Legislative Pace Quickens
The legislature picked up the pace as the July 31 adjournment date for 2015 formal sessions approaches. The conference committee charged with bridging differences between the House and Senate version of the minimum wage-unemployment insurance bill issued their report. The UI reform did stabilize the UI tax rates until 2017 at Schedule C, but failed to make several of the underlying reforms that would result in lowering MA ‘highest rates in the nation’ in the out years. The wage base was increased marginally from $14,000 to $15,000. A company’s payroll to determine experience rating is averaged over three years, the definition of a seasonal employee is increased from 16 to 20 weeks, and self-employed persons may not lay themselves off on a seasonal basis. But provisions to reduce the maximum duration of benefits from ‘MA only’ 30 weeks to 26 weeks and to increase the time for qualification for benefits were rejected.
The report also recommended increasing the minimum wage from $8 to $11 per hour in three steps by 2017. The final bill set January 1, 2015 as the effective date for the first step, eliminated indexing the minimum wage to inflation, and set the tipped wage for restaurant workers at $ 3.75 per hour. Proponents of a ballot question to increase the minimum wage to $10.50 per hour tied to inflation with a $6.30 tipped wage are faced with a decision whether to go forward with the campaign.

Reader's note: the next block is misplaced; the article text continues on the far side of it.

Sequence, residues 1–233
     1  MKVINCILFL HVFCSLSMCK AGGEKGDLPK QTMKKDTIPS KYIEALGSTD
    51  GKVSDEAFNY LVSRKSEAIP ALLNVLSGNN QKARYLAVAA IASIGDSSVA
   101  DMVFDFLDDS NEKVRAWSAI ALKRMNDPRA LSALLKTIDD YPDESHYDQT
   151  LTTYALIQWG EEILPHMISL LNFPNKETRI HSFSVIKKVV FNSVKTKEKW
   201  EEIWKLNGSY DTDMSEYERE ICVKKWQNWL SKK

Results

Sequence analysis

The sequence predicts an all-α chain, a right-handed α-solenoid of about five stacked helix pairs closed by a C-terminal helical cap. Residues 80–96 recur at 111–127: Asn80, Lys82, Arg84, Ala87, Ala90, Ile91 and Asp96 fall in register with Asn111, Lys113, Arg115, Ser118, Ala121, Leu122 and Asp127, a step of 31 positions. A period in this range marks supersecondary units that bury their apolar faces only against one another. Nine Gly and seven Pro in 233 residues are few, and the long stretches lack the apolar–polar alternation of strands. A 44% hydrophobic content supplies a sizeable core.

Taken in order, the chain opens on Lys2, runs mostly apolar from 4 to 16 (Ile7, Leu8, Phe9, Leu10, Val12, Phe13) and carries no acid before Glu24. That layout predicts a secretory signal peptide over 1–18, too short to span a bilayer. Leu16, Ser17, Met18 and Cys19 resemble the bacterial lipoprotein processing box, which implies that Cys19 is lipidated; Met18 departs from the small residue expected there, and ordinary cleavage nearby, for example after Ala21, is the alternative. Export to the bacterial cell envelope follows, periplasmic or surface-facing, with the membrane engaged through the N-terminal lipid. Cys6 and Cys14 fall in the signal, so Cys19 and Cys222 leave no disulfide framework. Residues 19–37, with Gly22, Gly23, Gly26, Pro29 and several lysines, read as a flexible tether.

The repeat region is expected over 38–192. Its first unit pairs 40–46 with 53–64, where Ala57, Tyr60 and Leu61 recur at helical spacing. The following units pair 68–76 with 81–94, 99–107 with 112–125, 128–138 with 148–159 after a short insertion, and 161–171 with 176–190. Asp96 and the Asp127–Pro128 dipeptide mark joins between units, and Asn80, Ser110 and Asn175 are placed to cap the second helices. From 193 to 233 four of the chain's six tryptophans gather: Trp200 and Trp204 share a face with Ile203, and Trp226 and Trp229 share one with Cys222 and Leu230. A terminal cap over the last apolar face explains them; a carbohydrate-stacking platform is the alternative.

AIM calculated that the minimum wage will cost MA employers $1.5 billion when including raises for minimum wage workers and workers currently earning near minimum wage (491,000 workers), as well as union workers whose contracts are adjusted with the minimum wage (327,000 workers).
Christmas may come early in MA after all. Lawmakers are looking at a spike in revenues to permit additional spending before the November election. State tax collections in May surged upwards by $109 million or 7.2 percent above collections in May 2013, and are now running nearly $600 million above original state budget benchmarks. The Department of Revenue reported Wednesday that collections totaled $1.624 billion last month. Over the first 11 months of fiscal 2014, tax collections of $20.84 billion are running $1.18 billion, or 6 percent above the comparable period in fiscal 2013. The Patrick administration in January revised its expectation of tax revenues upwards by $403 million and receipts are running $183 million above that revised figure.
Reducing taxes or replenishing the ‘rainy day’ fund would be nice.